16 killed as Hezb-e-Islami shows sign of re-grouping in Afghanistan

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    (NVOnews.com): At least 16 people, six Americans, nine Afghan civilians and an interpreter were killed and over three dozens injured, in a massive suicide attack in the capital city of Kabul on Thursday morning.

    Sources said the killed Americans worked with the intelligence department of the Ministry of Defence, which is about half a mile from the scene of the attack.

    Hezb-e-Islami, the most powerful Mujahideen group of 1980s, which forced the withdrawal of Soviet forces then, has clamied responsibility for the incident. Only last September it triggered a similar suicide blast killing many Americans. Curiously, a woman suicide bomber took part in that attack, a rarity in Afghanistan.

    In the latest attack a Toyota Corolla packed with explosives crashed into a pair of American military vehicles––one an armoured Chevrolet Suburban weighing nearly five tons, which was reduced to a mangled heap of charred metal, while the other was launched into the air and blown down the street.

    The huge explosion rattled windows across Kabul and caused a big crater and left bodies strewn along the street.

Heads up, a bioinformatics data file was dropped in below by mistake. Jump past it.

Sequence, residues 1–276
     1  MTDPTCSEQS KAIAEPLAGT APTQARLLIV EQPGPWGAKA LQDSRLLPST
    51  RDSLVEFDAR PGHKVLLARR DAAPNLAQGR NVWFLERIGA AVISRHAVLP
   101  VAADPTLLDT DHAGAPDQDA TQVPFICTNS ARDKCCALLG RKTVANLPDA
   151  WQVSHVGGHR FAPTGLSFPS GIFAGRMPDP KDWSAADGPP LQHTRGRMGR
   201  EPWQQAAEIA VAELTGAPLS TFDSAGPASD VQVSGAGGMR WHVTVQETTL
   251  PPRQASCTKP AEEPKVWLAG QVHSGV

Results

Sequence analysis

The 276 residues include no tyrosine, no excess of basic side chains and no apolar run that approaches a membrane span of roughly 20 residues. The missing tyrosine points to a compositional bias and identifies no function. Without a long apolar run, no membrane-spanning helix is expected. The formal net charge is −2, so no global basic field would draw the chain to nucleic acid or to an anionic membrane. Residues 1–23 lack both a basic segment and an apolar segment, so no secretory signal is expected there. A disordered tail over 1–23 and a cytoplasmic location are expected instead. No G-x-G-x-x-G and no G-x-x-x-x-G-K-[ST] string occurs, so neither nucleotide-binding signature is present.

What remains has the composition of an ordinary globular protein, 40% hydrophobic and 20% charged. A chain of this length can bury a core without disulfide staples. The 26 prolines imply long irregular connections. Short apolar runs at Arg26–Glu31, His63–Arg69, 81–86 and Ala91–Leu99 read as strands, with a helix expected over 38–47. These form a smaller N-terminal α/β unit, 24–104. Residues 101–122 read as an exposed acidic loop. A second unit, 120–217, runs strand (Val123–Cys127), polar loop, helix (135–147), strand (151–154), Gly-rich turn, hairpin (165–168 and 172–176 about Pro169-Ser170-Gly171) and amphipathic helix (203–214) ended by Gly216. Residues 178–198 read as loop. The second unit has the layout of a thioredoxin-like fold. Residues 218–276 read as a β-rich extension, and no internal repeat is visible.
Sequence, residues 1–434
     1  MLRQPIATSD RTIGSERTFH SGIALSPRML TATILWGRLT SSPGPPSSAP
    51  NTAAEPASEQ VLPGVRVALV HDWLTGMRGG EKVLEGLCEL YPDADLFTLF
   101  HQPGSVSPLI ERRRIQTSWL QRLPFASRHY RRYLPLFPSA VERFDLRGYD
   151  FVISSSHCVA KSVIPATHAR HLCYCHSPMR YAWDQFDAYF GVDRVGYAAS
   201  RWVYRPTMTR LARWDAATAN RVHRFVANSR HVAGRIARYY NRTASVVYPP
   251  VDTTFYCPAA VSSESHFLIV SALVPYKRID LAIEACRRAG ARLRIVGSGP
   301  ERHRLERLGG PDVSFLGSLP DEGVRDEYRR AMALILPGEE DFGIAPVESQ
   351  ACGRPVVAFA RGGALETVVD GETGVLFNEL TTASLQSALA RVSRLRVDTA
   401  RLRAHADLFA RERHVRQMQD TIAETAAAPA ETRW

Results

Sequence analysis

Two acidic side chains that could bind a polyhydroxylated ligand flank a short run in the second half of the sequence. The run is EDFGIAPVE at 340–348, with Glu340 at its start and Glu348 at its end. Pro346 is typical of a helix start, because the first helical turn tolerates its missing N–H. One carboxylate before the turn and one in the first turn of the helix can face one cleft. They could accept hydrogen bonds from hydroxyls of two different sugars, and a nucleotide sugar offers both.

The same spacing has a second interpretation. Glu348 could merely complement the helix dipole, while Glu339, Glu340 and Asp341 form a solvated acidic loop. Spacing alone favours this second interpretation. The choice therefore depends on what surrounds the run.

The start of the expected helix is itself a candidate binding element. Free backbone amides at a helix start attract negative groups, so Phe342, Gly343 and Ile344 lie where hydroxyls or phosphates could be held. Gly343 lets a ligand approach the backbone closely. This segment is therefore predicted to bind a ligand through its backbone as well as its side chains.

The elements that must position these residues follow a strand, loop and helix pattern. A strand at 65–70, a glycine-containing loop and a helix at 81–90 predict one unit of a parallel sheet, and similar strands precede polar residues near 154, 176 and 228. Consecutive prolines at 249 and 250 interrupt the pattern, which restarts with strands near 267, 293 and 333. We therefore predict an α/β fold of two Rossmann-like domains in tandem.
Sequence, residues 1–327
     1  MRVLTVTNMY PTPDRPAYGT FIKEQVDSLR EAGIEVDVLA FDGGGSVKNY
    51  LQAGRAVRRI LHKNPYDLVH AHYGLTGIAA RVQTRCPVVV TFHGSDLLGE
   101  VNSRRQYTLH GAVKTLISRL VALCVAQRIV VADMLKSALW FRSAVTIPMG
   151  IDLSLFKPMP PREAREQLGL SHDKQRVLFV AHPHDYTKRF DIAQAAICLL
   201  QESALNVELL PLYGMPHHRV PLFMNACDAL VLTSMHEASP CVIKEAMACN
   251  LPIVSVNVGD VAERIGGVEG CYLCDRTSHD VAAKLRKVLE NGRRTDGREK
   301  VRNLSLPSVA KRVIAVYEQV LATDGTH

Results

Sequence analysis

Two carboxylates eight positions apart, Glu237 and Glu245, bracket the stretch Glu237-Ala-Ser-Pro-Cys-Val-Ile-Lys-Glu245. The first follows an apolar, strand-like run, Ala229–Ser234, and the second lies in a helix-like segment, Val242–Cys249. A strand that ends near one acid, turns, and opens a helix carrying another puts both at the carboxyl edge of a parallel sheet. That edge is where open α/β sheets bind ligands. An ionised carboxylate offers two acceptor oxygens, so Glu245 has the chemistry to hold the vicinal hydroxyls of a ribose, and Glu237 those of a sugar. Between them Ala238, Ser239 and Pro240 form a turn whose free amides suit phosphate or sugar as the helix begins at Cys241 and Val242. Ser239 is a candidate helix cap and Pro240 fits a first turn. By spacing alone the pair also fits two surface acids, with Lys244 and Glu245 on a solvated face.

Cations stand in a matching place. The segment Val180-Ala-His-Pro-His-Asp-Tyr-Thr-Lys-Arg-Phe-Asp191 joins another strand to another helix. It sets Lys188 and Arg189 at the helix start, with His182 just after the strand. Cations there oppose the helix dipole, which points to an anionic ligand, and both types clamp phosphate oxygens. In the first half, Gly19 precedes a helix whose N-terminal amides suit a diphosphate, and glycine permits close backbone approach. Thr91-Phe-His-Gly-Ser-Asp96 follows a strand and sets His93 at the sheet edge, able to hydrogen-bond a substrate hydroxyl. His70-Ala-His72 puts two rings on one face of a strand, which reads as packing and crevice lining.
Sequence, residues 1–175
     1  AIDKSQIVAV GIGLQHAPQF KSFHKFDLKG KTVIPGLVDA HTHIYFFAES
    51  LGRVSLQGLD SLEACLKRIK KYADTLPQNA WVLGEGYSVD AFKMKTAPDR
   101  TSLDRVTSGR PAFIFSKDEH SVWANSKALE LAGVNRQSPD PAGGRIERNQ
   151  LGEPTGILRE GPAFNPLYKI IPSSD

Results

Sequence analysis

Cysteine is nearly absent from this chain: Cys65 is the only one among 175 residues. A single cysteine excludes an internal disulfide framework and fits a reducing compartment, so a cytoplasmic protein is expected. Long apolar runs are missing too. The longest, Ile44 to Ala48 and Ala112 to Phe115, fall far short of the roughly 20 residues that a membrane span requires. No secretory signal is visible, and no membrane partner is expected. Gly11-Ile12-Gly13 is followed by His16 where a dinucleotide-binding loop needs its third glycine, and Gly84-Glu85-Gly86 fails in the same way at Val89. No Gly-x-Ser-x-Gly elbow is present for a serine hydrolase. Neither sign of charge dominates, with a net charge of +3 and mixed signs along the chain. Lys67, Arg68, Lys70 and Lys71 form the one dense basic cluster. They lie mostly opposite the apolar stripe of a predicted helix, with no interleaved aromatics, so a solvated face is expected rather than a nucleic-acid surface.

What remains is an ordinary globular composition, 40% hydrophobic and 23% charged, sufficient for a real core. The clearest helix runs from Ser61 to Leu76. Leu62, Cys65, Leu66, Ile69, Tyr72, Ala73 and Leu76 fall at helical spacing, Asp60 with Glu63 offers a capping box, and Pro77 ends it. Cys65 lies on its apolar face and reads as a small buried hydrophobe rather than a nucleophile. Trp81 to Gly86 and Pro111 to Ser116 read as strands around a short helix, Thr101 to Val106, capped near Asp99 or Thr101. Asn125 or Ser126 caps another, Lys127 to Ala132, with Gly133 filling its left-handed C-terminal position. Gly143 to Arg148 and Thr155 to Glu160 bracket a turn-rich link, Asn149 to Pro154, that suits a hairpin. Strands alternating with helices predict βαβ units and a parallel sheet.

According to Hezb-i-Islami spokesman Haroon Zarghon, who talked to media over phone in Pakistan the bombing was carried out by a 24-year-old man who grew up south of Kabul.

    The blast shattered relative calm as the number of attacks on the International Security Assistance Force (ISAF) has come down following the gradual reduction in their numerical strength.

    By December 31, 2014 they are to leave the country and hand it over to the Afghan forces.

    The last September Hezb attack targeted a minibus carrying flight crew members for planes contracted to fly for the United States Agency for International Development.

    Zarghon further said that Hezb-i-Islami would carry more attacks against American and coalition targets.

    The revival of Hezb-e-Islami under Engineer Gulbuddin Hekmatyar has come as a big challenge not only to the western forces but also to the fledgling Hamid Karzai government.

    Burying its past, of late, Hezb appears to be working closely with Taliban, which took power in Sep 1996 after civil war involving Hezb and Jamiat-e-Islami took a heavy toll of lives and created political uncertainty, though they forces fought unitedly against the Soviet forces in early 1980s.

    Now Hezb is a relatively small insurgent groups, but the western analysts fear that it may soon get revived as it a history of fighting the Soviet forces. Besides, it is more acceptable to neighbours like Pakistan and Iran than Taliban, who are known for more extremist and orthodox views.

    The United States-led coalition forces conceded that two service members and four contractors were killed. It did not specify their nationalities, though Afghan officials confirmed they were all Americans.